Rav Moshe Feinstein was never known as a feminist. But he both understood and accepted feminism’s core moral claim.
In a remarkable 1976 responsum he wrote bluntly about what he perceived to be the effort to extend the women’s liberation movement from the political and social spheres into the religious. He opened by reasserting the fact that women are exempt from a particular well-known set of mitzvot, and that this exemption is rooted both in Divine wisdom, and in the practical wisdom of the rabbis, who deemed it unrealistic and unfair to expect that these mitzvot be observed by those who bear primary responsibility for the raising of children and the daily running of the household. Rav Moshe branded any effort to change this halachik exemption as being both futile and rebellious, even going so far as to say that were a woman to perform a mitzva from which she is exempt not out of religious desire rather in the effort to undermine the exemption, that this would not constitute a mitzva act at all.
But Rav Moshe didn’t end there. He concluded the responsum with a lengthy paragraph in which he demonstrated that he accepted the core of feminism’s moral claim, regarding it as consistent with classical Jewish teaching.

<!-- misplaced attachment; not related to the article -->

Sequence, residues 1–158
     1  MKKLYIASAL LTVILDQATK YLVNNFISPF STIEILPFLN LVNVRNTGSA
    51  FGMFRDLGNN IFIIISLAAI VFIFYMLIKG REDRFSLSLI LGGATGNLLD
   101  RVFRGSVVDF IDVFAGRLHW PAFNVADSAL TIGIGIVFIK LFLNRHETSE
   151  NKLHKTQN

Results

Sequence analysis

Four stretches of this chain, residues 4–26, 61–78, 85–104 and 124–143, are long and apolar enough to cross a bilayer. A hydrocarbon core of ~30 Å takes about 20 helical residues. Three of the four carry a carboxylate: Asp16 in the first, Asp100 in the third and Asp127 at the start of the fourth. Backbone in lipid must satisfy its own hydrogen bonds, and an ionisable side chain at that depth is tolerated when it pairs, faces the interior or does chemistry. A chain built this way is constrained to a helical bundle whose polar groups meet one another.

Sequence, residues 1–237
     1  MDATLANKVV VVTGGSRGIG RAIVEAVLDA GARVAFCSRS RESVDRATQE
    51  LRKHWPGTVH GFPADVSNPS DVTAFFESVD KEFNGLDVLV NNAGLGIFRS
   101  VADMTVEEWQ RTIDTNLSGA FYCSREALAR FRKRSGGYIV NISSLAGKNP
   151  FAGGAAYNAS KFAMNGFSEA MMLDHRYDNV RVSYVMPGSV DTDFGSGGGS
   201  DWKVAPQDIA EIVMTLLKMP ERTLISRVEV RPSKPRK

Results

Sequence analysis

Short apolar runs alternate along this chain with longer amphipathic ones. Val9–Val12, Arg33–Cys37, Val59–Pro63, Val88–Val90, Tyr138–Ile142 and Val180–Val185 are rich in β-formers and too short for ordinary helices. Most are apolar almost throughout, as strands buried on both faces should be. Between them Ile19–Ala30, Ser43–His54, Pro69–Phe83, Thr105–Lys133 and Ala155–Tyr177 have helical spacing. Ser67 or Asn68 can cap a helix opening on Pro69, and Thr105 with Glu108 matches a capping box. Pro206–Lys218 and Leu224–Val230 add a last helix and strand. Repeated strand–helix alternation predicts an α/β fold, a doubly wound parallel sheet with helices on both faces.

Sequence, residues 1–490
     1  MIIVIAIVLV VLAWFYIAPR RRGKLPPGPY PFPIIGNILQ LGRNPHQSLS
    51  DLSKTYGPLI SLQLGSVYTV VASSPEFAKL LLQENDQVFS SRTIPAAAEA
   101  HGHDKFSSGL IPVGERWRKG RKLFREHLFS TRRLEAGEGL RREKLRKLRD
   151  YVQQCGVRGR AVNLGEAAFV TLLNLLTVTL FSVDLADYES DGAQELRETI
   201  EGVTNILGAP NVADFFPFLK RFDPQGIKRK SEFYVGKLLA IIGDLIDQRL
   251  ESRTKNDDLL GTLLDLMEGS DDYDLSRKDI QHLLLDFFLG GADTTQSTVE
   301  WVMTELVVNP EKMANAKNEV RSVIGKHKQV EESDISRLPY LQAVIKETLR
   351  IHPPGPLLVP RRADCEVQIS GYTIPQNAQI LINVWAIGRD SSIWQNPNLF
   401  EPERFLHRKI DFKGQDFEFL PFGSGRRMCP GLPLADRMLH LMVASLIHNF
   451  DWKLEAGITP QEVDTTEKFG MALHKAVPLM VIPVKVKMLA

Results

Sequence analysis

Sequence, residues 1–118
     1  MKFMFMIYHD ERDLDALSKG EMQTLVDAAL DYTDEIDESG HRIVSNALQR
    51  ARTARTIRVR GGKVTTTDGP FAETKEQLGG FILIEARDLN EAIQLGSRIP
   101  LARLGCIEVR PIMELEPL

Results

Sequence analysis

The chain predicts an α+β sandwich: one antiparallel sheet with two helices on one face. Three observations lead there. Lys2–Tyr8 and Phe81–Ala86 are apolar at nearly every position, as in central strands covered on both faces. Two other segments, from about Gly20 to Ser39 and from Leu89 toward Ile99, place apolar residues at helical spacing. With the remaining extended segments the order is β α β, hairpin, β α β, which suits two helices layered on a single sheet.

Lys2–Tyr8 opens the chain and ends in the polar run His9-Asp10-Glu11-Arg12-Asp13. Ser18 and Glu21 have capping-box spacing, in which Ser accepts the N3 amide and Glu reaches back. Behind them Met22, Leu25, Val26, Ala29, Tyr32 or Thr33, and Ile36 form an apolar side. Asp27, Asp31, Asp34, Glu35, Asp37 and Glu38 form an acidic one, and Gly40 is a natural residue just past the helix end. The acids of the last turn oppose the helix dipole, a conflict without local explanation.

“… [the exemption] is not a result of the fact that women possess a lower spiritual rank than men. For with regard to holiness, they are equal…And with regard to the obligation to honor a spouse, we find that the obligation applies from husband to wife, and from wife to husband without any distinction… There is no degradation of women’s honor [in the tradition]…”
Equal holiness, worth, dignity, and humanity. This is the essence of the feminist moral claim.
In the lead article of the Summer 2002 issue of Tradition, Orthodox attorney Marc Stern challenged the mainstream Orthodox community over its habitual denunciations of feminism. First, on the grounds of intellectual dishonesty, as so much of the community has enthusiastically embraced many of feminism’s outcomes, including high educational standards for girls, hands-on involvement of fathers in raising their children, the expectation of equal pay for equal work, and the zero tolerance for sexual harassment in the workplace. He notes that none of his readers would want to see these developments rolled back. And then second, on the grounds that the resistance of feminism has exacted a religious price. In Stern’s words, “In all too many communities shiurim for women are infantile outpourings of primitive and unreflective emotion, as if women were incapable of understanding anything more complex. Talented women have been lost to the Orthodox community [as a result]. The fight for equality has not yet been won, even within the realms of what is without question halachikly acceptable. How many shul have been built in the last generation that reflect a concern for… the ability of women to feel as if they are participants in the davening?”